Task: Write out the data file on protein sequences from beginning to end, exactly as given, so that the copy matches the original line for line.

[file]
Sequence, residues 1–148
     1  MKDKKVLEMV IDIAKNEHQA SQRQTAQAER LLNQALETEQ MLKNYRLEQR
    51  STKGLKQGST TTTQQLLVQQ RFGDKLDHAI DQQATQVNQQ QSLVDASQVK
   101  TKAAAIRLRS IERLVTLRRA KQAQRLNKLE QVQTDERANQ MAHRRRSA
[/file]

Sequence, residues 1–148
     1  MKDKKVLEMV IDIAKNEHQA SQRQTAQAER LLNQALETEQ MLKNYRLEQR
    51  STKGLKQGST TTTQQLLVQQ RFGDKLDHAI DQQATQVNQQ QSLVDASQVK
   101  TKAAAIRLRS IERLVTLRRA KQAQRLNKLE QVQTDERANQ MAHRRRSA